Name and title/occupation
Jason Fitzroy Jeffers, Cinematic Arts Senior Manager at Oolite Arts and Co-Executive Director at Third Horizon
What are you reading/watching/listening to?
So much. The fourth anniversary of Prince’s passing was on April 21st, so I took a dive into 30 years worth of his bootleg concert recordings. So many gems. The new Fiona Apple and Yves Tumor albums are stunning, and I’ve been digging deeper into my stock of old R&B for my online radio show, Foggy Windows. Book-wise I’ve been spending time with Ross Macdonald’s Lew Archer novels and doing a lot of research on cults and UFOlogy for a script I’m working on. Film-wise, HBO’s Atlanta’s Missing and Murdered: The Lost Children is a heartbreaking but necessary watch, The Last Dance about the Chicago Bulls’ final championship year breaks a lot of the rules of good documentary but it’s pure escapism and nostalgia that I’m happy to indulge in, and the work of Japanese director Yasujirō Ozu has been a revelatory education.
How has your work changed now that you are doing it from home?
My work at Oolite Arts and Third Horizon has largely consisted of migrating our programming online. More importantly, continuing to see how we can support our filmmakers. At Oolite, we created the Oolite Arts Relief Fund for COVID-19 for visual artists — including filmmakers — in our community, and on the Third Horizon front, we’re taking the fact that we serve an emerging film community and region — those from the Caribbean and its diaspora — as an advantage: there isn’t as much infrastructure, so there’s less collapse, and more room for build progressive distribution models that are sorely needed now. There’s a lot of terrible news right now, but I’m striving to find time to dream up new futures that address the inequities of the present.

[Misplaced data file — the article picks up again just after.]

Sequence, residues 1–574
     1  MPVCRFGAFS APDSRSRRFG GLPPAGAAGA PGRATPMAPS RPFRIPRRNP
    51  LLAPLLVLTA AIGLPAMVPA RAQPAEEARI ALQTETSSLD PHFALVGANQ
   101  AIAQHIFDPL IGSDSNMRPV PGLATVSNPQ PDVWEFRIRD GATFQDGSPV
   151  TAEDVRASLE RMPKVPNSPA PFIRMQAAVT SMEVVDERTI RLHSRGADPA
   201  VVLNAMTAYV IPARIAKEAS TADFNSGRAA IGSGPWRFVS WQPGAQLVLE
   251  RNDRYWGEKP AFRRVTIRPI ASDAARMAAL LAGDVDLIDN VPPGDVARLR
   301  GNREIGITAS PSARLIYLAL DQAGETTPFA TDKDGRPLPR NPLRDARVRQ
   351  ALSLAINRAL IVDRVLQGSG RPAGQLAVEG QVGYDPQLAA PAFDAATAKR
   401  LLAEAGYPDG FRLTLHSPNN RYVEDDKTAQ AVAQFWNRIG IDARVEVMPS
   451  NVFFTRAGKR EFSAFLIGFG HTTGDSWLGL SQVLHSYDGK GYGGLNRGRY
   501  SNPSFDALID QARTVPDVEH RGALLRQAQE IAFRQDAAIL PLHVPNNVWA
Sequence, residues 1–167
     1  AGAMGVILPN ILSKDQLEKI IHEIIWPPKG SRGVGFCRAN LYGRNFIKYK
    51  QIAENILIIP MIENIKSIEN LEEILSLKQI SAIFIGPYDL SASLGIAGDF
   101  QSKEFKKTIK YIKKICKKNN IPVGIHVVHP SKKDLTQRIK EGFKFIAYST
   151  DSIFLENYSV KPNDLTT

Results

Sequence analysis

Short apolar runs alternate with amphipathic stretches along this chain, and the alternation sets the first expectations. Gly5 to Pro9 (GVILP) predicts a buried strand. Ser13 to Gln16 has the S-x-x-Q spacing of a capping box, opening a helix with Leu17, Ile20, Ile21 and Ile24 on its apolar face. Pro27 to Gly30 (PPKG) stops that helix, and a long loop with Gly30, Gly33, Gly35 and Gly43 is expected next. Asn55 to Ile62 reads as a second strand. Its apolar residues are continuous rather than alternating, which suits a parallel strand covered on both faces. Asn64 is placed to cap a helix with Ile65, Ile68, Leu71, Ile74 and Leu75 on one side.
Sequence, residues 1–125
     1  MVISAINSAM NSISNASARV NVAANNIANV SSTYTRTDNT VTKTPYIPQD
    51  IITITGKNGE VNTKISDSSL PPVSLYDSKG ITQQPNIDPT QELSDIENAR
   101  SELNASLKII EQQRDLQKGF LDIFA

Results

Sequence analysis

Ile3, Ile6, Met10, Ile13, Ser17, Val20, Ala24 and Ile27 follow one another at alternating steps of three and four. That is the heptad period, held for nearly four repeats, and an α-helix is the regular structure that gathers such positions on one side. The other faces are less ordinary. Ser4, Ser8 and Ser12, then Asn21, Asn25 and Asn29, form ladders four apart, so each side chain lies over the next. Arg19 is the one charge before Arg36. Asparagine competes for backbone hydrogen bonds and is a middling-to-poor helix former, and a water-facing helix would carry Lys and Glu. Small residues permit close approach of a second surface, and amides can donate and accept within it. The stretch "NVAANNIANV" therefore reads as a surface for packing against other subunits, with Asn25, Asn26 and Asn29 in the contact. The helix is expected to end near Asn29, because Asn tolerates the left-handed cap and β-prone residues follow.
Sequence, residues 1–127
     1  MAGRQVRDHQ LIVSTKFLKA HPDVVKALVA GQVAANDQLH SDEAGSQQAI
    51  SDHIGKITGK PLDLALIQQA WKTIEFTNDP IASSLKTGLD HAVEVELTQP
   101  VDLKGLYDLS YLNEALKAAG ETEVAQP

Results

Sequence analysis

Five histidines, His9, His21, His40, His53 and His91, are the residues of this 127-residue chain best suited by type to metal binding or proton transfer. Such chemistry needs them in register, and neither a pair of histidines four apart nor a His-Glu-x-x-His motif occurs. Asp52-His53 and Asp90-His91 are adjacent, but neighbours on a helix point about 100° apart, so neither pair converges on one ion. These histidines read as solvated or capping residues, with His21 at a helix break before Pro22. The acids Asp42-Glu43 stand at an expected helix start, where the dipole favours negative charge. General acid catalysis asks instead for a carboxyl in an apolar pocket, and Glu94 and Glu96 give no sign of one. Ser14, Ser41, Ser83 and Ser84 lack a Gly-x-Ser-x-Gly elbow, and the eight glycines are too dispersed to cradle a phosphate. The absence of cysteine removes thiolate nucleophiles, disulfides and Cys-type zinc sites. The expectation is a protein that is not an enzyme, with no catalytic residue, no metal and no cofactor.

Have you taken up any new activities?
Before the lockdown, I was traveling like crazy from film festival to film festival, seemingly every other weekend. The lockdown has given me the time and space to focus on my emerging screenwriting practice, which has definitely accelerated now that I’m working from home.
What are you looking forward to doing once we are no longer sequestered?
The beach. Slow dancing. Singing along to the amazing song selection at Price Choice Supermarket at 2 am in the morning.
Do you have a MOCA memory that you want to share?
Last year, Third Horizon teamed up with MOCA to screen the incredible 2002 documentary Of Men and Gods/ Des hommes et Dieux, about openly gay men in Haiti, particularly in the context of the vodou religion, in which there is space for homosexuality that is rare in the wider society. It was screened in conjunction with the PÒTOPRENS: The Urban Artists of Port-au-Prince exhibition. We packed the room, and the audience was thoroughly engaged in the post-screening conversation with photographer Josué Azor. Reflecting on that night, what strikes me even more now is how much the subjects of the film modeled a reliance on each other and uninhibited joy in the face of so much sorrow. It’s something we all need to tap into now as we confront so much grim uncertainty. As we think of how we survive this and create new societal norms post-COVID, caring community must be at the core.